NASA rover shares a stunning sunset on Mars
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The Curiosity rover just sent back a stunning postcard capturing its view of a shimmering sunset on Mars.
The NASA rover has been roaming across the surface of Mars for more than 10 years, searching for answers as to why the red planet went from warm and wet to a frozen desert. It has discovered intriguing rock formations, searched for signs of life and scaled Mount Sharp at the center of Gale Crater.
But rather than continuing to focus on the near-endless red stretch of rocks and dirt below its wheels, the rover has recently been looking up.
On February 2, Curiosity observed rays of sunlight stretching across the horizon and illuminating a bank of clouds as the sun set on Mars. It’s the first time the rays, known as crepuscular rays, have been seen so clearly on the red planet.
The rover is conducting a survey of twilight clouds on Mars to follow up on its previous observations of night-shining clouds. In 2021, Curiosity used its black and white navigation cameras to watch the structure of those clouds as they moved on Mars.
Clouds provide deeper insight about weather patterns and conditions. Scientists can use information about when and where clouds form on Mars to learn more about the planet’s atmospheric composition and temperatures, as well as wind.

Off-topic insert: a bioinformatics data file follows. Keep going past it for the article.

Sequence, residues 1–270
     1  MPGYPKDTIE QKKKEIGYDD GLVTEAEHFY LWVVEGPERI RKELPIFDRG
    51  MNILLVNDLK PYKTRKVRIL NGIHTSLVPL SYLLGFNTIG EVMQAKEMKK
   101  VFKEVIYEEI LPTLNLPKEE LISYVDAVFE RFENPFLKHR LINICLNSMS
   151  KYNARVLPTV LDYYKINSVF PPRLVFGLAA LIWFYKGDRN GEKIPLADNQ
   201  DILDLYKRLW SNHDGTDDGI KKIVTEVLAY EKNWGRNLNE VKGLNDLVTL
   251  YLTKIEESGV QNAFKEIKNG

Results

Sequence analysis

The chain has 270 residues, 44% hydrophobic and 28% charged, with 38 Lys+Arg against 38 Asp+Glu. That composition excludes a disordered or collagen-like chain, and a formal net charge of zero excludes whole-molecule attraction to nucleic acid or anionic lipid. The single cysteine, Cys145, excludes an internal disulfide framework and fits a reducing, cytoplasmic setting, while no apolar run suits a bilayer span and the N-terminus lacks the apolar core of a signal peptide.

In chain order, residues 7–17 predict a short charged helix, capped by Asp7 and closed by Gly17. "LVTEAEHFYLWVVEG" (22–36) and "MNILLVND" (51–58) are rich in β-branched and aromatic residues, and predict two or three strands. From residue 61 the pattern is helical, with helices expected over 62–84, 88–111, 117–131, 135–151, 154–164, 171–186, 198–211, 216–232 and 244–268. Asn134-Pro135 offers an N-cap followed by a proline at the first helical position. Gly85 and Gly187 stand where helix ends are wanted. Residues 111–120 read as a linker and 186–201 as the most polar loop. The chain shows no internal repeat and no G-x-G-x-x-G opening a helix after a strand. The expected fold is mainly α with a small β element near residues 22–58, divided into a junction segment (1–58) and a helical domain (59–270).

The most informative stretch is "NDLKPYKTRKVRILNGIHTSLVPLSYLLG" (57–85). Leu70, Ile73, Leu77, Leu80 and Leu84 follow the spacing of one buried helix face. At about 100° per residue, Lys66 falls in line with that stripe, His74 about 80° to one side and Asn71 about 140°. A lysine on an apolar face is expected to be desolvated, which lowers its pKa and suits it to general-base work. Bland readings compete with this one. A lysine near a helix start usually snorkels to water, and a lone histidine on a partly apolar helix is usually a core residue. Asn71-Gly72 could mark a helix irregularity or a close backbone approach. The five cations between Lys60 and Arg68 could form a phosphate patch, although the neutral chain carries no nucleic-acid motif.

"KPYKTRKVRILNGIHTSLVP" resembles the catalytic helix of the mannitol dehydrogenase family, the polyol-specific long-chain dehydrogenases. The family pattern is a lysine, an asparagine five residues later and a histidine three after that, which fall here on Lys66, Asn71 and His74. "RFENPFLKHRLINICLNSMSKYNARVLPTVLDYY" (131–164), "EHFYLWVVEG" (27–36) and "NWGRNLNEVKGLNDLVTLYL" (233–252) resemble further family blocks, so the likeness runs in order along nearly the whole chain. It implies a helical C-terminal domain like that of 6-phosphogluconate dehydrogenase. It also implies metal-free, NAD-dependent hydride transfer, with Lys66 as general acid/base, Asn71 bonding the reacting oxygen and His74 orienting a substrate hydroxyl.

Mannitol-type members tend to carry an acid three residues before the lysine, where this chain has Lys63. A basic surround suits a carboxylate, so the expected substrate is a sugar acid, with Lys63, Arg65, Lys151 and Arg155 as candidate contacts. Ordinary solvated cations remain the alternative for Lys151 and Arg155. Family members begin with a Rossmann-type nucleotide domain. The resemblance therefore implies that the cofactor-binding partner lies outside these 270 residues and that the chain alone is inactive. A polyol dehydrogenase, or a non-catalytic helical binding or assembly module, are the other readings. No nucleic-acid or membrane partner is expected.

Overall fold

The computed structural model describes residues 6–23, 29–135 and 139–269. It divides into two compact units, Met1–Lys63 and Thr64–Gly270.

The new survey, which kicked off in January and will wrap up later this month, utilizes the rover’s color camera located on its mast to watch as cloud particles grow.
On Mars, most clouds are made of frozen ice and float about 37 miles (60 kilometers) above the ground. But Curiosity spotted clouds that reach a higher altitude, as seen in the new photo, leading researchers to believe they are made of frozen carbon dioxide ice — or dry ice. Scientists are still studying them to figure out why this happens.
Curiosity captured a separate image of shiny, iridescent clouds that resemble feathers on January 27.
“Where we see iridescence, it means a cloud’s particle sizes are identical to their neighbors in each part of the cloud,” said Mark Lemmon, an atmospheric scientist with the Space Science Institute in Boulder, Colorado, in a statement. “By looking at color transitions, we’re seeing particle size changing across the cloud. That tells us about the way the cloud is evolving and how its particles are changing size over time.”